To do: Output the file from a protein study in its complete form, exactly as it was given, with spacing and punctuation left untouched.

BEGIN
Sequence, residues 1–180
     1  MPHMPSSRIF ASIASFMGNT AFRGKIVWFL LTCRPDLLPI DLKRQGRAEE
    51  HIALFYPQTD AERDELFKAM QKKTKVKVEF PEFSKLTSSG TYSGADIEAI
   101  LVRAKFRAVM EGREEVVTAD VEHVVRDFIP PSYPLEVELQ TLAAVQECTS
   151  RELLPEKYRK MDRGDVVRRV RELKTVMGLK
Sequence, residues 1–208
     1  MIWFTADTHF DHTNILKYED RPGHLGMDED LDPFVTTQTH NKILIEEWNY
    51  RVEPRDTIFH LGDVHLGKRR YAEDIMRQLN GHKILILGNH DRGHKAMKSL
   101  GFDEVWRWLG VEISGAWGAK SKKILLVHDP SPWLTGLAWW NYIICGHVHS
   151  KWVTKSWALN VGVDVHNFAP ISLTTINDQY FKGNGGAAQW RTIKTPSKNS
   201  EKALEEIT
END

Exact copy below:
Sequence, residues 1–180
     1  MPHMPSSRIF ASIASFMGNT AFRGKIVWFL LTCRPDLLPI DLKRQGRAEE
    51  HIALFYPQTD AERDELFKAM QKKTKVKVEF PEFSKLTSSG TYSGADIEAI
   101  LVRAKFRAVM EGREEVVTAD VEHVVRDFIP PSYPLEVELQ TLAAVQECTS
   151  RELLPEKYRK MDRGDVVRRV RELKTVMGLK
Sequence, residues 1–208
     1  MIWFTADTHF DHTNILKYED RPGHLGMDED LDPFVTTQTH NKILIEEWNY
    51  RVEPRDTIFH LGDVHLGKRR YAEDIMRQLN GHKILILGNH DRGHKAMKSL
   101  GFDEVWRWLG VEISGAWGAK SKKILLVHDP SPWLTGLAWW NYIICGHVHS
   151  KWVTKSWALN VGVDVHNFAP ISLTTINDQY FKGNGGAAQW RTIKTPSKNS
   201  EKALEEIT